Due to an inability to transfer CRS reservations from the previously assigned department, on July 9, 2019, through an amended minute order of July 3, 2019, the Court requested that the parties refile all pending motions that had been calendared in Department 28 with new court reservation system reservation numbers. (Nunc Pro Tunc Order.)

On July 29, 2019, Defendant Fontem refiled this motion with the current hearing date of January 28, 2020. On January 15, 2020, Plaintiff Edith filed her opposition. On January 21, 2020, Defendant Nu Mark filed a reply.

Legal Standard

Special Interrogatories Legal Standard

CCP § 2030.300 provides that “[o]n receipt of a response to interrogatories, the propounding party may move for an order compelling a further response if the propounding party deems that any of the following apply: (1) An answer to a particular interrogatory is evasive or incomplete; [or] (2) An exercise of the option to produce documents under Section 2030.230 is unwarranted or the required specification of those documents is inadequate; [or] (3) An objection to an interrogatory is without merit or too general.” (Code Civ. Proc., § 2030.300(a).)

Notice of the motion must be given within 45 days of service of the verified response, or upon a later date agreed to in writing. Otherwise, the propounding party waives any right to compel a further response. (CCP § 2031.310(c).) The motion must also be accompanied by a meet and confer declaration. (CCP § 2031.310(b)(2).)

The burden is on the responding part to justify any objection or failure fully to answer the interrogatories. (Fairmont Ins. Co. v. Sup.Ct. (Stendell) (2000) 22 Cal. 4th 245, 255.)

Requests for Production Legal Standard

CCP § 2031.310 provides, in pertinent part, as follows:

(a)

(1)

(2)

(3)

(b)

(1)

(2) .

Discussion

Timeliness

“All papers opposing a motion so noticed shall be filed with the court and a copy served on each party at least nine court days [before the hearing].” (CCP § 1005(b).) Plaintiff Edith filed her opposition only eight court days before the hearing, thus rendering her opposition late. On this occasion, the Court will proceed to address the merits of the opposition to the motion to compel further despite the untimeliness of the meet and confer. However, for any future motions, the Court cautions that it will decline to consider an untimely brief will.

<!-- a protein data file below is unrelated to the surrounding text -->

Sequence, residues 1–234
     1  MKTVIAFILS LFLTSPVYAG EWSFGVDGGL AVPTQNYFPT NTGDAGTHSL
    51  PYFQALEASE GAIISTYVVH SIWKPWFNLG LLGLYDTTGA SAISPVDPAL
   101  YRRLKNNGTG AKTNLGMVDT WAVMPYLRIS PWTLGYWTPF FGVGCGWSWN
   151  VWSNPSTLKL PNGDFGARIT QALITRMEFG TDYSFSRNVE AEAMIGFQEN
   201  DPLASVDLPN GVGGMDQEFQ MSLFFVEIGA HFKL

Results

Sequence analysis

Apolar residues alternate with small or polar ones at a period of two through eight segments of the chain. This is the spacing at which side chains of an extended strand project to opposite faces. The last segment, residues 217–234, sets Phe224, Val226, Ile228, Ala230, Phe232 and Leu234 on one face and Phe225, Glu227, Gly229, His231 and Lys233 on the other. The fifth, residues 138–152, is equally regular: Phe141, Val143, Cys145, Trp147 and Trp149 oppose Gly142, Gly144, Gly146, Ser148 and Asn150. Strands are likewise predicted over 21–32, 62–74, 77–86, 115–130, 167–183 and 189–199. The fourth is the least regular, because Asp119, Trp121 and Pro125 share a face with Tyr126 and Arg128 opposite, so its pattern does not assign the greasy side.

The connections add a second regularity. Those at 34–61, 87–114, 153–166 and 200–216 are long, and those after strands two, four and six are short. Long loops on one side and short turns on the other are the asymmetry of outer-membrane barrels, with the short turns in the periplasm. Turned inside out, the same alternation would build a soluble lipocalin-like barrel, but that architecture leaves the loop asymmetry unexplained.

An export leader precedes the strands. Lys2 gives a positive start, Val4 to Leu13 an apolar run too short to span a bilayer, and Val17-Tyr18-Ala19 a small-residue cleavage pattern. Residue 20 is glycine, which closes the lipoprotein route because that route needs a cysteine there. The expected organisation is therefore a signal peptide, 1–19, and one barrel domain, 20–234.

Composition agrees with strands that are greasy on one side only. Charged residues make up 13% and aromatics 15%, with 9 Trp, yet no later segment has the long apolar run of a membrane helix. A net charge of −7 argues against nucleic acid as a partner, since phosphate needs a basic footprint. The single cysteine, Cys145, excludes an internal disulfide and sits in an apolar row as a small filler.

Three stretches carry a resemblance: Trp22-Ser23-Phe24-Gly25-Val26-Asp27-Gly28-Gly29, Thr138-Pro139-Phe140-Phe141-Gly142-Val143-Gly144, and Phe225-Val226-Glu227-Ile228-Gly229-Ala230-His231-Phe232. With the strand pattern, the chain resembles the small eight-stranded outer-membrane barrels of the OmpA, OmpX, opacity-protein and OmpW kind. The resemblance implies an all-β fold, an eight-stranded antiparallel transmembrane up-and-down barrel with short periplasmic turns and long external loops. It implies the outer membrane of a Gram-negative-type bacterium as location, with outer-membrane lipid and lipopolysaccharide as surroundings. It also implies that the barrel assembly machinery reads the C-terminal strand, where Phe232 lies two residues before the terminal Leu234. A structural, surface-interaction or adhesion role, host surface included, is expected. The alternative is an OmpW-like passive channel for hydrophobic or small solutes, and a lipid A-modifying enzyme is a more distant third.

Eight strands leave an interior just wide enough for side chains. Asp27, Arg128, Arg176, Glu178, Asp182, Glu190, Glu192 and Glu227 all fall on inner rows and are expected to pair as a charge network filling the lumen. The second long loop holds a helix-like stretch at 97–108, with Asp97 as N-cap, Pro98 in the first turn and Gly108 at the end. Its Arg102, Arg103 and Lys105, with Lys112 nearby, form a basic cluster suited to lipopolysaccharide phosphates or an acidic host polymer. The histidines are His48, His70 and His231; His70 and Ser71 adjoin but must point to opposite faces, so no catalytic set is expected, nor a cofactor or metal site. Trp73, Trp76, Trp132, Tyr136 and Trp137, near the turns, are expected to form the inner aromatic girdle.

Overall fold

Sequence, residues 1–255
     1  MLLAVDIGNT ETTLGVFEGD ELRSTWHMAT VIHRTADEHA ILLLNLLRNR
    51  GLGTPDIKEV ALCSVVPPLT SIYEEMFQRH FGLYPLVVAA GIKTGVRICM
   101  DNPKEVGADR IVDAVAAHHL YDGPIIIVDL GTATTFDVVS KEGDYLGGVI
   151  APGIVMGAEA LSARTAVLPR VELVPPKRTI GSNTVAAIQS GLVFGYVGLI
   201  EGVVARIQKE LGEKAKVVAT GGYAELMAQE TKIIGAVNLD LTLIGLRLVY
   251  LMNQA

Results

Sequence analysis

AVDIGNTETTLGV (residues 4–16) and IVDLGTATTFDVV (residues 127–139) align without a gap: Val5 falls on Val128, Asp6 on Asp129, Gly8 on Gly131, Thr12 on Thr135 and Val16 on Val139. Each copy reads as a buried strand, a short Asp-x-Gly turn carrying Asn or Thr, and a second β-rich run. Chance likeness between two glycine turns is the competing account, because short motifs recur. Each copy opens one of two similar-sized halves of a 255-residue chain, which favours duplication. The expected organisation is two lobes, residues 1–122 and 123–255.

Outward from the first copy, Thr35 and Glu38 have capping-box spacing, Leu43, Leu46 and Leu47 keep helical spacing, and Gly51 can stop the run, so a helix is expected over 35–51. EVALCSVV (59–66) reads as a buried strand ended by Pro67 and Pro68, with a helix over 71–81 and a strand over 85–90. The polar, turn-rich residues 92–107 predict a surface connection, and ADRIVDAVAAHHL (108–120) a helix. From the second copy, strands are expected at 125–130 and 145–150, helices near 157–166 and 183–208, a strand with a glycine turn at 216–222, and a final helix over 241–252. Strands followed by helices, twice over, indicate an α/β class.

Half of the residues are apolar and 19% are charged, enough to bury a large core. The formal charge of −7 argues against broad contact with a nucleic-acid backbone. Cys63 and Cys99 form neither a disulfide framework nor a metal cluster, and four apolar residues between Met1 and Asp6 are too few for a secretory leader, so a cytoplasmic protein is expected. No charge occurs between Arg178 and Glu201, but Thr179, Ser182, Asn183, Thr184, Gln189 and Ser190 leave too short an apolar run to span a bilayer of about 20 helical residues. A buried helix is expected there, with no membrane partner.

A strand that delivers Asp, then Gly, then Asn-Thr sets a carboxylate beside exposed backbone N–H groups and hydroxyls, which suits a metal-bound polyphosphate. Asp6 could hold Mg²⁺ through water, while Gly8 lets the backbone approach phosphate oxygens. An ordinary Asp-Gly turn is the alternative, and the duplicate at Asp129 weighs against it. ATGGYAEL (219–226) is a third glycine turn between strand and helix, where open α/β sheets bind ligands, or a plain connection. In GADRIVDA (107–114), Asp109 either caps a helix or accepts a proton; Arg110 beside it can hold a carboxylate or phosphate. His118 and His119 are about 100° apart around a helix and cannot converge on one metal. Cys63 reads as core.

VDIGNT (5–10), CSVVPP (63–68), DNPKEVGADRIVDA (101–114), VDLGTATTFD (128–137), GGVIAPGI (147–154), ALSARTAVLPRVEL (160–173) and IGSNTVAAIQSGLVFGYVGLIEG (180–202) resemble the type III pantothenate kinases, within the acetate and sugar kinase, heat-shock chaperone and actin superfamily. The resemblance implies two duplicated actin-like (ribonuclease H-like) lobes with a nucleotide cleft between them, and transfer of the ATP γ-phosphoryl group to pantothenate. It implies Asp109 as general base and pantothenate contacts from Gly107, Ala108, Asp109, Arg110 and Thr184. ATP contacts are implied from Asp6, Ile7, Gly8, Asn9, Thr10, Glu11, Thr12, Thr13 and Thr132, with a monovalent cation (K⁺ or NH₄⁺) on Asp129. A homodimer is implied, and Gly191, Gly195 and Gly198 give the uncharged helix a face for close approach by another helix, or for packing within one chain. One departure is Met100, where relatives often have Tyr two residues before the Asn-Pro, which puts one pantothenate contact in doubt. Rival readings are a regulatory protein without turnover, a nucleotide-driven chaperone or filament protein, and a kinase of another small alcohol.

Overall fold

Meet and Confer

“A meet and confer declaration in support of a motion shall state facts showing a reasonable and good faith attempt at an informal resolution of each issue presented by the motion.” (CCP § 2016.040.)

This requirement has been satisfied. (McCormick Decl., ¶¶ 6-9.)

Special Interrogatories

The only responses at issue for Defendant Nu Mark’s first set of Special Interrogatories are the responses to special interrogatories 1, 2, 4, 6, 7, 8, 9, 10, 11, 14 and 16.[1]

On October 5, 2018, Plaintiff Edith responded to the special interrogatories with general objections and a list of boilerplate objections. Plaintiff Edith’s boilerplate objections are without merit. (See C.C.P. §2030.300(a)(3).) Moreover, Plaintiff Edith does not meet her burden of justifying the objections. (See Fairmont Insurance Company v. Superior Court (2000) 22 Cal.4th 245, 255.) For example, with regard to Plaintiff Edith’s invasion of privacy objection, the Court finds, in balancing the competing interests, Nu Mark’s compelling interest in seeking information relevant to Plaintiff’s claimed injuries outweighs Plaintiff Edith’s right to privacy with respect to her health information. (See Williams v. Superior Court (2017) 3 Cal.5th 531, 552 (“In Hill, we established a framework for evaluating potential invasions of privacy. The party asserting a privacy right must establish a legally protected privacy interest, an objectively reasonable expectation of privacy in the given circumstances, and a threatened intrusion that is serious. [Citation] The party seeking information may raise in response whatever legitimate and important countervailing interests disclosure serves, while the party seeking protection may identify feasible alternatives that serve the same interests or protective measures that would diminish the loss of privacy. A court must then balance these competing considerations. [Citation]”).)

The Court will proceed to address only the objections that are of contention between the parties based on this motion and the corresponding opposition. As the responses of special interrogatories have been grouped by the parties, the Court will adopt the parties’ grouping of the responses.

Special Interrogatories 1-2:

“Identify YOUR relatives, including, but not limited to, spouses, children, parents, brothers, sisters, aunts, uncles, cousins, and grandparents, and, for each such relative, provide his or her date of birth, place of birth, date of death (if applicable), cause of death (if applicable), and YOUR relationship to each of them.” (Special Interrogatory 1.)

“For each relative identified in response to Interrogatory No. 1, identify whether he or she has used any E-VAPOR PRODUCT or smoked cigarettes, the time period of use, and any form of cancer, pulmonary or respiratory disease, or smoking-related illness, injury, disease, or medical condition that relative has or had.” (Special Interrogatory 2.)

Plaintiff Edith contends that these questions are overbroad in scope, are improperly compound, and invade the privacy of third persons.

Compound